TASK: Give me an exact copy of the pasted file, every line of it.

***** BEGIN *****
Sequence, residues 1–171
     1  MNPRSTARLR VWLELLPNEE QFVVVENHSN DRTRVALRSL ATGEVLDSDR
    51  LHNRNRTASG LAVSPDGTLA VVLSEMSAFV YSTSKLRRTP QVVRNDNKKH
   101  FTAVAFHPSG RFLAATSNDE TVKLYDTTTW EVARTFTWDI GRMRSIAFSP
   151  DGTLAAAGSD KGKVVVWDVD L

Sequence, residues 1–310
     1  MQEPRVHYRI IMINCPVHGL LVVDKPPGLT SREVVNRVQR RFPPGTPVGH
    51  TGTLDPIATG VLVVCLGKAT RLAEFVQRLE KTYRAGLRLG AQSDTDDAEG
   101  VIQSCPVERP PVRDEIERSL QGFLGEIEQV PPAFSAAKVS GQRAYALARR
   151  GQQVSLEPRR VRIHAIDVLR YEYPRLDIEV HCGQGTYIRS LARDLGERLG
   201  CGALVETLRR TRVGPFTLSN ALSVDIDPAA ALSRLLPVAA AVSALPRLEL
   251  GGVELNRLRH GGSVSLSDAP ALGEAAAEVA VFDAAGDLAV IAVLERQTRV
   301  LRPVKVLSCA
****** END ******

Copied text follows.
Sequence, residues 1–171
     1  MNPRSTARLR VWLELLPNEE QFVVVENHSN DRTRVALRSL ATGEVLDSDR
    51  LHNRNRTASG LAVSPDGTLA VVLSEMSAFV YSTSKLRRTP QVVRNDNKKH
   101  FTAVAFHPSG RFLAATSNDE TVKLYDTTTW EVARTFTWDI GRMRSIAFSP
   151  DGTLAAAGSD KGKVVVWDVD L

Sequence, residues 1–310
     1  MQEPRVHYRI IMINCPVHGL LVVDKPPGLT SREVVNRVQR RFPPGTPVGH
    51  TGTLDPIATG VLVVCLGKAT RLAEFVQRLE KTYRAGLRLG AQSDTDDAEG
   101  VIQSCPVERP PVRDEIERSL QGFLGEIEQV PPAFSAAKVS GQRAYALARR
   151  GQQVSLEPRR VRIHAIDVLR YEYPRLDIEV HCGQGTYIRS LARDLGERLG
   201  CGALVETLRR TRVGPFTLSN ALSVDIDPAA ALSRLLPVAA AVSALPRLEL
   251  GGVELNRLRH GGSVSLSDAP ALGEAAAEVA VFDAAGDLAV IAVLERQTRV
   301  LRPVKVLSCA